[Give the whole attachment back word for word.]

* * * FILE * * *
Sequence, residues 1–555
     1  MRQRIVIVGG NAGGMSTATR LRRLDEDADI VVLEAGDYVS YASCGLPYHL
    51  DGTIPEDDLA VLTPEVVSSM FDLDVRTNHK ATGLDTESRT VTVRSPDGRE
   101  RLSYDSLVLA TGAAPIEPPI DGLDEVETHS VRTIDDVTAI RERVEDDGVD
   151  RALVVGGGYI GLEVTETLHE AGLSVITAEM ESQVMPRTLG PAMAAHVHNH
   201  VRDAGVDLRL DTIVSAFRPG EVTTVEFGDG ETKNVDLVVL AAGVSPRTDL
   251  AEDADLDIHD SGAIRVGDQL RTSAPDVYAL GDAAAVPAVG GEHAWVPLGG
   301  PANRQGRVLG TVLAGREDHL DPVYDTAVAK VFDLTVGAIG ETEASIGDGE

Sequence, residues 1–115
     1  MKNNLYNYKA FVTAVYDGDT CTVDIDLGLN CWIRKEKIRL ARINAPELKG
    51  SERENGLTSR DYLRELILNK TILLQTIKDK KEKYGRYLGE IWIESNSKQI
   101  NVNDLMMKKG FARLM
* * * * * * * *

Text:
Sequence, residues 1–555
     1  MRQRIVIVGG NAGGMSTATR LRRLDEDADI VVLEAGDYVS YASCGLPYHL
    51  DGTIPEDDLA VLTPEVVSSM FDLDVRTNHK ATGLDTESRT VTVRSPDGRE
   101  RLSYDSLVLA TGAAPIEPPI DGLDEVETHS VRTIDDVTAI RERVEDDGVD
   151  RALVVGGGYI GLEVTETLHE AGLSVITAEM ESQVMPRTLG PAMAAHVHNH
   201  VRDAGVDLRL DTIVSAFRPG EVTTVEFGDG ETKNVDLVVL AAGVSPRTDL
   251  AEDADLDIHD SGAIRVGDQL RTSAPDVYAL GDAAAVPAVG GEHAWVPLGG
   301  PANRQGRVLG TVLAGREDHL DPVYDTAVAK VFDLTVGAIG ETEASIGDGE

Sequence, residues 1–115
     1  MKNNLYNYKA FVTAVYDGDT CTVDIDLGLN CWIRKEKIRL ARINAPELKG
    51  SERENGLTSR DYLRELILNK TILLQTIKDK KEKYGRYLGE IWIESNSKQI
   101  NVNDLMMKKG FARLM